Furthermore, according to the South African Human Sciences Research Council (HSRC), estimates that 60% of children have absent fathers. The impact of the lack of absent fathers or positive father figures has an impact on the development of the boy child’s perception towards manhood. 

Luckily, Mandla is part of the 33 percent of children who are born and raised in a household by both parents. 

Now, how do we break this down for kids to begin to see toxic masculinity in the area of emotional intelligence? How about a drawing and coloring activity on how your favorite food tastes? Getting kids to begin to think about the qualities they like in something like food and giving them a language to express it, in this case, drawing and coloring. From food then taking it to appreciate people and creating gifts for family members and or friends. 

Toxic masculinity hampers emotional intelligence. It encourages a limited view of what a man is and even has an impact on intimate relationships. The sad part of this is that some females, those who help raise the boy child, take an active role in socializing them into toxic masculinity.

“Children are regarded as a gift, yet at times boy children are considered an investment whether for family name purposes or not.

So, what does it mean to be a man? 

Again, nothing but allowing your boy child to express his individuality for himself. Figuring out the rules of masculinity and trying to live up to them is part of every boy’s childhood. Most boys find the test of masculinity scary and hard to pass. 

Perhaps the test should be that boys should be allowed to be themselves and not constantly measure themselves against the societal standard of masculinity. This is an invitation to shift from living life and raising your boy child based on what people will say, “abantu bazothini?” towards what is best for your boy child.

Image by James Wong

It is important to talk to boys about the reality of gender expectations and help them figure out how to negotiate this problem. If a little boy is struggling to feel adequately masculine by acting tough, it’s not helpful to criticize or mock his interests. So instead of teaching the ills of toxic masculinity, we should instead instill a culture of positive masculinity – that is freeing the burden of societal expectations on the young boy child. 

Remember that each child is unique and requires a tailored approach making it impossible to expect your boy child to go through life with the burden of trying to be a certain man who only exists in societal expectations. 

Part of parenting is being great stewards of who our children are born to be, acknowledging their strengths, weaknesses and potential then guiding them towards who they are wired to be. Early Childhood Development and formal education, in part, help with this yet the validation, approval and shaping the boy children into what being a man start from home.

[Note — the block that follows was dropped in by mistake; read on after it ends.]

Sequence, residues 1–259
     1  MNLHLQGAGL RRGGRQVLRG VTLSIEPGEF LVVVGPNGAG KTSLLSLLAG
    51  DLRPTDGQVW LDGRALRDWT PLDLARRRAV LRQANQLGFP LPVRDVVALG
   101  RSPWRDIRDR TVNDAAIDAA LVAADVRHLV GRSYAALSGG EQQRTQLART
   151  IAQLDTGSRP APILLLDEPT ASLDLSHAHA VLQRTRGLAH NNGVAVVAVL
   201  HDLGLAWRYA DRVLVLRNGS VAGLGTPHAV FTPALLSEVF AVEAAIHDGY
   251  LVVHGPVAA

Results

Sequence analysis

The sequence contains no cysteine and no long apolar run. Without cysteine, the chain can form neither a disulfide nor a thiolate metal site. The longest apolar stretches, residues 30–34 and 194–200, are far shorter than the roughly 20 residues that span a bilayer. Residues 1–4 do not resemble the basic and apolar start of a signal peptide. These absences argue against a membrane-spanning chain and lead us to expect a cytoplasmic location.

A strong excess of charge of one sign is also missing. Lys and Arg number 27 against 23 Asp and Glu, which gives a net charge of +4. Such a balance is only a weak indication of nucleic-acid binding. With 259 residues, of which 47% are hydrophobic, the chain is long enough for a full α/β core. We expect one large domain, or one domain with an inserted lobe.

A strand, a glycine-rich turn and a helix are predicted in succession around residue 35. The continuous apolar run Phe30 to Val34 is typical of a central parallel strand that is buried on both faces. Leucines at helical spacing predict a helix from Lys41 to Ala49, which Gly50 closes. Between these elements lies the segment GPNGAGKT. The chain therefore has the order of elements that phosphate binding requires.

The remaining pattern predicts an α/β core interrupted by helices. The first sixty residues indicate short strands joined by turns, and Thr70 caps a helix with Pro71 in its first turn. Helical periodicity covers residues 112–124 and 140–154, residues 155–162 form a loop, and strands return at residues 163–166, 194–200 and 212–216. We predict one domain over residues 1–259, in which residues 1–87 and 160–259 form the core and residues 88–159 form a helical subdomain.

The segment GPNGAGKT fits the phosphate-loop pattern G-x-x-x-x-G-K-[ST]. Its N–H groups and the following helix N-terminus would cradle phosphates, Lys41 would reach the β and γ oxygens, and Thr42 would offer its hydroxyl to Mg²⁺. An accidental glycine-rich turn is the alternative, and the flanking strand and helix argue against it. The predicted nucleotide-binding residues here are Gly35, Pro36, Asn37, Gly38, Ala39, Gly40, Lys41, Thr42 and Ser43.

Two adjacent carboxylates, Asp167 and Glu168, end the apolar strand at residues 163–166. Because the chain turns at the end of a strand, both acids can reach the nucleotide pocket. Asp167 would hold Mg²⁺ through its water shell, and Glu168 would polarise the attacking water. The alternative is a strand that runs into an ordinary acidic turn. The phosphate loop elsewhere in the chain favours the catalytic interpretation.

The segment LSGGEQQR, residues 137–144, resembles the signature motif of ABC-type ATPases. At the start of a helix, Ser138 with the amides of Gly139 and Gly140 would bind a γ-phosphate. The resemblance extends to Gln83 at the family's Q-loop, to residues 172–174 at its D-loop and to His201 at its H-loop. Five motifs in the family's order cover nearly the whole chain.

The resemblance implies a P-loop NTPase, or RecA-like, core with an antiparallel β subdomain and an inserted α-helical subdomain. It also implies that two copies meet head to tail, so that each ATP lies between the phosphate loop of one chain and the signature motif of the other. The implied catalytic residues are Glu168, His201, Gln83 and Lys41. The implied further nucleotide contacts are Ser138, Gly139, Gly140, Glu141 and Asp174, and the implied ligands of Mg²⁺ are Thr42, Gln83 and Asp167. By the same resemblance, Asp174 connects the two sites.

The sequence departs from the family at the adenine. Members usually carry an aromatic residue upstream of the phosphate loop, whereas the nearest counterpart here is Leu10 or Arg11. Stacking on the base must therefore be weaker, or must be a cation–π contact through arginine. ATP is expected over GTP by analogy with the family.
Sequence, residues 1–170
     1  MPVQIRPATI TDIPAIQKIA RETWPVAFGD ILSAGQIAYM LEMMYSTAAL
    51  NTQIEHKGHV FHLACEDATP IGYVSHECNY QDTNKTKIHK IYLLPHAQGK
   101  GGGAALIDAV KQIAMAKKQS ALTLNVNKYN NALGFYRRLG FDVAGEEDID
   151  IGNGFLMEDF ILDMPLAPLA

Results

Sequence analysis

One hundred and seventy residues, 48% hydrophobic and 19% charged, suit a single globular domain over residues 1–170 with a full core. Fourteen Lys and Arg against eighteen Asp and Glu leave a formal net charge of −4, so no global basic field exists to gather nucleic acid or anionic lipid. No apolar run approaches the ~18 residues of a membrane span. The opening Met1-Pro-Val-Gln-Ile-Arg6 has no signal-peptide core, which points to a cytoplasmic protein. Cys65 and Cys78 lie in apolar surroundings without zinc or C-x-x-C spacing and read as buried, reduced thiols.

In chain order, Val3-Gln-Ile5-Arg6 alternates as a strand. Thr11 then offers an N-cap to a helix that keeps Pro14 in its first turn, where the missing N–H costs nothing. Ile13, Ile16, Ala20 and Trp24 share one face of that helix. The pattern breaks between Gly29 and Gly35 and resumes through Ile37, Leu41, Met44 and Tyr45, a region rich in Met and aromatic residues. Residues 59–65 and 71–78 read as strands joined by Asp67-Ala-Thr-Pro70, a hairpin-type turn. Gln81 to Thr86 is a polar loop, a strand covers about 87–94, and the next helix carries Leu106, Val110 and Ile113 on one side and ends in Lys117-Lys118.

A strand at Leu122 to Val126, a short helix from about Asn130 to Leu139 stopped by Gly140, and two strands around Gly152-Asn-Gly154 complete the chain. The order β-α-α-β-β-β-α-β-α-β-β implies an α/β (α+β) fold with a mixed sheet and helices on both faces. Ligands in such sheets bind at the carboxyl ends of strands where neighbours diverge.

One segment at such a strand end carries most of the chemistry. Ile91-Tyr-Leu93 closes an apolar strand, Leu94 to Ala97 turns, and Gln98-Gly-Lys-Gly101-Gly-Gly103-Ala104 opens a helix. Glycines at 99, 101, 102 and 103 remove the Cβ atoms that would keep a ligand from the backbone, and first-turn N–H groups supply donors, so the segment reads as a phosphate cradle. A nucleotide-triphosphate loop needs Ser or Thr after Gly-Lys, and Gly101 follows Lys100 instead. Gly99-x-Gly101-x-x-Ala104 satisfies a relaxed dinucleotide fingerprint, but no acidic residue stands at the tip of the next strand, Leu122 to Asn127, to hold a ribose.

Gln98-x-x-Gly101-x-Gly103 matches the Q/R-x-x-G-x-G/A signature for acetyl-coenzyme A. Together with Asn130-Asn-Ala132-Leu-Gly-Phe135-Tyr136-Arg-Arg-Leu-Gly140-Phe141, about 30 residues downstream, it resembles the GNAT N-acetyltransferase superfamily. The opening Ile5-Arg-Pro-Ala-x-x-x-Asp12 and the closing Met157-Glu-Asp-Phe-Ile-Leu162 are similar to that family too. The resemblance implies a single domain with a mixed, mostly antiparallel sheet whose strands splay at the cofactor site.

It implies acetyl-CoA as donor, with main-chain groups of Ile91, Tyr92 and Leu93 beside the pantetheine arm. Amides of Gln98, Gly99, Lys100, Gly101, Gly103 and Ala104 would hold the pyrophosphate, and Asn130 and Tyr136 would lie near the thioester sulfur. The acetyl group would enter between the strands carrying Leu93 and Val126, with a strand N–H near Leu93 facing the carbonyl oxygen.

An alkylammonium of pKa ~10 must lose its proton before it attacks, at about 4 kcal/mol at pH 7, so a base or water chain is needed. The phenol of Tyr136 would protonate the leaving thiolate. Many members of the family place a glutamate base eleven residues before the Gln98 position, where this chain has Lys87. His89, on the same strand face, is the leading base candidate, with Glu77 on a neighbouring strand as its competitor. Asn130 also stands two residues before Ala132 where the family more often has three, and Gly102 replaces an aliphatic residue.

So we have decided to create a few tips for challenging gender stereotypes in the home:

  • Ensure that children receive equal praise for the same behavior. For example, praising both boys and girls for being neat or being active in physical activities. 
  • Encourage children to be friends across genders.
  • Use the anatomically correct terms when referring to body parts. 
  • Point out, critique and discuss gendered representations in the media.
  • Avoid gender-specific language and statements such as “that’s a man’s job.’ and ‘that’s not lady-like.”
  • Encourage gender neutral toys and colors.

Back to the story of baby Mandla, it takes a village to raise a child. Until we, as a society, grapple and engage in open dialogue on notions of masculinity we will continue down the toxic avenue. Change begins with you and it is possible to raise children aware of positive masculinity tailored for each child to be themselves.

By Traver Mudzonga

About Traver Mudzonga: 

Traver is a photographer and brand culture design art director founded on creativity, passion and skill for highest possible results.Photography is more than a job for him, it is an expression of life. Having over nine years of technical and management experience as a Production Designer, he now focuses on brand strategy and inspiring brand culture.

Follow him on twitter: (m_traver), instagram (mtraverfolio) and visit his website: 

Consent 4 Kids

Consent 4 Kids

Teaching a kid about consent has nothing to do with teaching them about sex. It’s about respecting boundaries.

We believe parents can start educating children about consent and empowerment as early as 1 year old and continuing into the university years. It is our sincere hope that this post can help us raise empowered young adults who have empathy for others and a clear understanding of healthy consent.

Consent Matters
A group of happy children holding hands

In general terms, consent is a matter of an individual granting someone or something permission for a particular event to take place. It is the achievement of willful acknowledgment, sexual acceptance and eventually permission (expressly stated) by a female/male, to an advance made by a member of the same/opposite sex.